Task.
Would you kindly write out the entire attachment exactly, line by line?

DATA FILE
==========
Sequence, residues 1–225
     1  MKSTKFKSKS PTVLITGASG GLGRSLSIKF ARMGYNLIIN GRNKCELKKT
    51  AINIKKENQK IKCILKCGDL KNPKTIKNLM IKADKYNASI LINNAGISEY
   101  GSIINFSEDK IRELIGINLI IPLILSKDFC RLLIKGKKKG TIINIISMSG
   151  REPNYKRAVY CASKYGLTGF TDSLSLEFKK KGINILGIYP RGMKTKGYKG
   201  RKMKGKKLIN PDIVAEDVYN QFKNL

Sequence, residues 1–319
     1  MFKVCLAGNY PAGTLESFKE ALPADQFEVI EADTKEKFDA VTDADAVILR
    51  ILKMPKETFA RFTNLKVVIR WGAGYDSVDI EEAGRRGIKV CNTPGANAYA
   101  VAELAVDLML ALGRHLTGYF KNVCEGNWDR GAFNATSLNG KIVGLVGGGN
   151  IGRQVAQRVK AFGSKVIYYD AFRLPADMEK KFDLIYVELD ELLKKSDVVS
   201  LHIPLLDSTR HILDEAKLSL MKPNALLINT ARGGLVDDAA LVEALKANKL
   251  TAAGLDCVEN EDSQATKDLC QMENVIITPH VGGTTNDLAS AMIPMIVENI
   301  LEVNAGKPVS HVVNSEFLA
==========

Sequence, residues 1–225
     1  MKSTKFKSKS PTVLITGASG GLGRSLSIKF ARMGYNLIIN GRNKCELKKT
    51  AINIKKENQK IKCILKCGDL KNPKTIKNLM IKADKYNASI LINNAGISEY
   101  GSIINFSEDK IRELIGINLI IPLILSKDFC RLLIKGKKKG TIINIISMSG
   151  REPNYKRAVY CASKYGLTGF TDSLSLEFKK KGINILGIYP RGMKTKGYKG
   201  RKMKGKKLIN PDIVAEDVYN QFKNL

Sequence, residues 1–319
     1  MFKVCLAGNY PAGTLESFKE ALPADQFEVI EADTKEKFDA VTDADAVILR
    51  ILKMPKETFA RFTNLKVVIR WGAGYDSVDI EEAGRRGIKV CNTPGANAYA
   101  VAELAVDLML ALGRHLTGYF KNVCEGNWDR GAFNATSLNG KIVGLVGGGN
   151  IGRQVAQRVK AFGSKVIYYD AFRLPADMEK KFDLIYVELD ELLKKSDVVS
   201  LHIPLLDSTR HILDEAKLSL MKPNALLINT ARGGLVDDAA LVEALKANKL
   251  TAAGLDCVEN EDSQATKDLC QMENVIITPH VGGTTNDLAS AMIPMIVENI
   301  LEVNAGKPVS HVVNSEFLA